What’s the alternative to switching? 

Switching a Microsoft Outlook distribution list to a shared mailbox is technically possible. At the same time, it’s definitely a hassle. Many businesses are skipping the fuss. They’re opting for shared inbox tools that have been specifically designed for collaborating and sharing within email. Customer service is a direct use case for tools like Keeping – not an afterthought. 

In a shared mailbox in Outlook, you can store up to 50GB of data without assigning a license. After you reach that limit, you’ll essentially need to buy more storage. Since customer support teams are sending and receiving a lot of email, take this into consideration when deciding what platform to use. 

Unfortunately, an Outlook shared mailbox also limits access to only 25 users at a time. If you exceed that limit, the inbox stops working properly. This is a problem for bigger customer service teams with more agents. 

Keeping is a shared inbox intended first and foremost for customer service teams and other user-focused teams. In Keeping, every user has their own login for the inbox and we offer many more features than a traditional mailbox. 

Keeping works on top of Gmail to allow you to turn email into customer support tickets. Everyone accessing the shared inbox can read and respond to emails in the same way. Keeping totally eliminates the confusion that comes with sharing email in a mailbox intended for personal use.

Keeping example of a shared mailbox.

How is Keeping better than a shared mailbox?

We’ve already told you a bit about Keeping. Did you know that Keeping is fully equipped with help desk features? This means you can turn your email messages into tickets. You can keep track of them, prioritize them, and assign them. Keeping is a shared mailbox, and then some. 

For example, if you’re using Outlook, then it’s impossible to see if your colleague is also working on an email – even if you use a shared mailbox. In Keeping, on the other hand, collision detection prevents embarrassing double replies.

Shared mailbox screenshot.

If you’re used to using Outlook then Keeping isn’t that much different. It just works on top of Gmail so you’ll need to switch to Google Workspace. Keeping is easy to set up and intuitive, so no messing around with the command line to give everyone access.   

In Keeping, you can have an unlimited number of agents accessing your mailbox. Integrate with Shopify, Zapier and Hubspot to create a better agent experience with your inbox. Keeping is completely invisible to customers, while subtly improving the overall service.  

Top Keeping features for collaborative email are: 

  • Shared drafts that allow you to work on responses simultaneously with colleagues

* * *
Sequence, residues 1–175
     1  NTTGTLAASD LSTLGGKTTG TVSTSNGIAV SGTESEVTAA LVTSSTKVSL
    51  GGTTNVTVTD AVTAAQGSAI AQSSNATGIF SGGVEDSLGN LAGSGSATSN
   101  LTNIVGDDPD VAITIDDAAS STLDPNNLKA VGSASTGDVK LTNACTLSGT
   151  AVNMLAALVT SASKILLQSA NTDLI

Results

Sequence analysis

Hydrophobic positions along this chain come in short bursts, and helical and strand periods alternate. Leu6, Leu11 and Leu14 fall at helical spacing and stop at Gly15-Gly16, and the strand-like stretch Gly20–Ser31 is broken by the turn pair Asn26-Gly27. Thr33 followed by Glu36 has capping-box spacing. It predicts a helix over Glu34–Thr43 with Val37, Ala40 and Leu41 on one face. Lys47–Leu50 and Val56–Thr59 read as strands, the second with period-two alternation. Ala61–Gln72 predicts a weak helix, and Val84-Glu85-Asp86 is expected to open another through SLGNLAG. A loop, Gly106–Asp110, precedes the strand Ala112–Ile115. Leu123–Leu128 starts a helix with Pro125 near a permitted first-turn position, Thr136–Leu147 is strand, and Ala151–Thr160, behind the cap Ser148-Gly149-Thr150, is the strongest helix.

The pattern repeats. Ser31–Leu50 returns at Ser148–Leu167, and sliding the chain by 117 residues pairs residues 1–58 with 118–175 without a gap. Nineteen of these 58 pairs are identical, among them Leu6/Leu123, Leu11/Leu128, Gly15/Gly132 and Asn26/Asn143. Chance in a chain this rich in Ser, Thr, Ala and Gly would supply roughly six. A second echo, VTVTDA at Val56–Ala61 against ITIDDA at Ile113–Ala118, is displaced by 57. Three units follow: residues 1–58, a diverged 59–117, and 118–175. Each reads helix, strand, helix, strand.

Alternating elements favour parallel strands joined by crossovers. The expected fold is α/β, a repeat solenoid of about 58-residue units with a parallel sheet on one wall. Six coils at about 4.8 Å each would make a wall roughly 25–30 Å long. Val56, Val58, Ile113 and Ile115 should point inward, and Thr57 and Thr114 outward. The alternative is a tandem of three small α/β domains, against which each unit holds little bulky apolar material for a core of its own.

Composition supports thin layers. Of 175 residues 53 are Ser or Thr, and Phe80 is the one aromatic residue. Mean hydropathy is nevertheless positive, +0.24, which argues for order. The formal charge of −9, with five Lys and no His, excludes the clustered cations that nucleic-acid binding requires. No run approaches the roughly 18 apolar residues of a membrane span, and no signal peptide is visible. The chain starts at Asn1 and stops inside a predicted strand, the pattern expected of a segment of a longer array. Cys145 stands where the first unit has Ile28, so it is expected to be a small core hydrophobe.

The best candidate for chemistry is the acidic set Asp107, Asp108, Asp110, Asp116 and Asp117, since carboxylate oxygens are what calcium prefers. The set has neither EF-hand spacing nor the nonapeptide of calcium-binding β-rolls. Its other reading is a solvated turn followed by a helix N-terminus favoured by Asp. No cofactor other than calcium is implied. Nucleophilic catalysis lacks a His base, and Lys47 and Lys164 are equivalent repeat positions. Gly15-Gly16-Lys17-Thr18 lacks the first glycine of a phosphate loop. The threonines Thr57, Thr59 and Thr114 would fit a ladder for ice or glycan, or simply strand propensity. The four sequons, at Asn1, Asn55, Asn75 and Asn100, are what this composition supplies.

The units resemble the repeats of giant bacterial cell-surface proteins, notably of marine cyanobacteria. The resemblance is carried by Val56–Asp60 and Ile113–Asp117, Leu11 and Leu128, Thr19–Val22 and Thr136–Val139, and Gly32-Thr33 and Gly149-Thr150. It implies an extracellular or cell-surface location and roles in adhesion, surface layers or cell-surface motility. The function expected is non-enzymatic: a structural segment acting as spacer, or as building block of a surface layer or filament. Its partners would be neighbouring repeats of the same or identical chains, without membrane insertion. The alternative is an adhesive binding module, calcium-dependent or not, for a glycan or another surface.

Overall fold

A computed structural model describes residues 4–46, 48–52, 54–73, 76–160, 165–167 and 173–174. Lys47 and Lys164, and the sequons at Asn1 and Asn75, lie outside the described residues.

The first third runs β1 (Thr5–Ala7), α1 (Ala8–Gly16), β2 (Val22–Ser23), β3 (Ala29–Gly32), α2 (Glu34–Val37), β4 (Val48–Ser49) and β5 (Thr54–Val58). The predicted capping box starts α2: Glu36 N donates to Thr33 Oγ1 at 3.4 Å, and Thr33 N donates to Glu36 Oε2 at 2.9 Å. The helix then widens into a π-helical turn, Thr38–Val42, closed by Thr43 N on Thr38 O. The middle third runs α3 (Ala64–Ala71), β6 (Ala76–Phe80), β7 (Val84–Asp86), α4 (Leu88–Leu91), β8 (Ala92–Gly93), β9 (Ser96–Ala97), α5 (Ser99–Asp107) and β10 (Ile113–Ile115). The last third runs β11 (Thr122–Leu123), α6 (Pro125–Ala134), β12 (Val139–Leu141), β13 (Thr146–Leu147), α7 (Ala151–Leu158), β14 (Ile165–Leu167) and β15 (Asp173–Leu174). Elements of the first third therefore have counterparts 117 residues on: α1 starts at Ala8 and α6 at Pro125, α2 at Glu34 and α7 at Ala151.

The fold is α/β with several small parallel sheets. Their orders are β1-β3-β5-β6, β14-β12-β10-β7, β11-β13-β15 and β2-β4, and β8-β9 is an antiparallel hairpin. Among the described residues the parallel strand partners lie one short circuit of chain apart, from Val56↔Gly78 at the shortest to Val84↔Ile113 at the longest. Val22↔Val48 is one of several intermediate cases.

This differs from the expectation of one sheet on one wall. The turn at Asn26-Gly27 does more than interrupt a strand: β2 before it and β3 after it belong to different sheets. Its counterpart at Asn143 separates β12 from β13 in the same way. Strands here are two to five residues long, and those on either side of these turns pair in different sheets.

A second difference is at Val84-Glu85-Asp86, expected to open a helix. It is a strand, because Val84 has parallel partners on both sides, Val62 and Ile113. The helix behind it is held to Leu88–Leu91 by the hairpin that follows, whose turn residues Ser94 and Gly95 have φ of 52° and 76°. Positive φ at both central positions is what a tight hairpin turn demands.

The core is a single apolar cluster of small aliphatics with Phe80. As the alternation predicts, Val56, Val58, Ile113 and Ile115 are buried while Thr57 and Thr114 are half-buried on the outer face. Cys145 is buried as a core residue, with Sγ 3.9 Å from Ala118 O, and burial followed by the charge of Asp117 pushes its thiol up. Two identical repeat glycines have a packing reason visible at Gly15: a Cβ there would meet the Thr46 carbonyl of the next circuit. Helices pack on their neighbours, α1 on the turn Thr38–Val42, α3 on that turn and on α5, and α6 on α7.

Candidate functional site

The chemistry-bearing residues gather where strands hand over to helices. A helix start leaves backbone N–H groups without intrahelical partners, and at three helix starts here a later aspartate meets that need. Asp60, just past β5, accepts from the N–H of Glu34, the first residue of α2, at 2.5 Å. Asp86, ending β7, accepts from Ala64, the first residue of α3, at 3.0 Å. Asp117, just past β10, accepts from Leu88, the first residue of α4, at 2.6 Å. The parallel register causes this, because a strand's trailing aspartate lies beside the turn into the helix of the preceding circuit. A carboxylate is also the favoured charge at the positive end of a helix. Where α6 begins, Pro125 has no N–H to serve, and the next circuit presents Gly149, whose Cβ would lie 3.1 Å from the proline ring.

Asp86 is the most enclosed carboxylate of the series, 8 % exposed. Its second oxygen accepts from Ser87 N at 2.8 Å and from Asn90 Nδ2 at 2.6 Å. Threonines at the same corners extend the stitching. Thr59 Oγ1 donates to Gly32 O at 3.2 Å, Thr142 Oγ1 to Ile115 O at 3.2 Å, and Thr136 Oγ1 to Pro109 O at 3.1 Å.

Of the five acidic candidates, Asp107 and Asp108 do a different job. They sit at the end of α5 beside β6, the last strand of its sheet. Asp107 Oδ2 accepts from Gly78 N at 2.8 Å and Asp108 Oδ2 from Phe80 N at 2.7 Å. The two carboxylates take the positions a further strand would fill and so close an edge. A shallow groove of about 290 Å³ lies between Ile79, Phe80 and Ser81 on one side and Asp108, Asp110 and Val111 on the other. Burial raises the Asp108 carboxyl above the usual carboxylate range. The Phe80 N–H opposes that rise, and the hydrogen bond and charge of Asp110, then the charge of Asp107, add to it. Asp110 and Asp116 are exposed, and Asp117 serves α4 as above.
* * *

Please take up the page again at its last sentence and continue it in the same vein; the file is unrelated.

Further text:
• Canned responses allow you to send frequently used templates easily to customers
  • Automations and rules that send email to the right person or department
  • Collision detection prevents duplicate replies to messages in the inbox
  • Comments that allow you to discuss emails within Keeping

Once you’ve tried Keeping for shared email, you’ll never go back. Keeping helps prevent confusion and customer service burnout.  

Wrapping up

If you’re using a distribution list for customer service you’ll soon be dissatisfied with this solution. Standard email providers like Outlook and Gmail have limited features for collaborative email, even if you upgrade to a shared mailbox. That’s exactly why we created Keeping – to address this need.

Email is the second most popular customer service channel today (after phone). Customers expect you to respond to their emails in under three hours. You need to make sure you are serving your customers well.

Adopting the appropriate software as your requirements change is a big part of good customer service. 

Distribution groups are totally inappropriate for customer service. Shared mailboxes are too limited. The only answer is to use a tool like Keeping to properly collaborate on email. That way, you’ll provide the best customer experience possible.  

catherine heath

Catherine is a content writer and community builder for creative and ethical companies. She often writes case studies, help documentation and articles about customer support. Her writing has helped businesses to attract curious audiences and transform them into loyal advocates. You can find more of her work at

Join 150+ teams that are sharing inboxes with us

The easiest way to upgrade your shared Gmail account. There’s no credit card is required.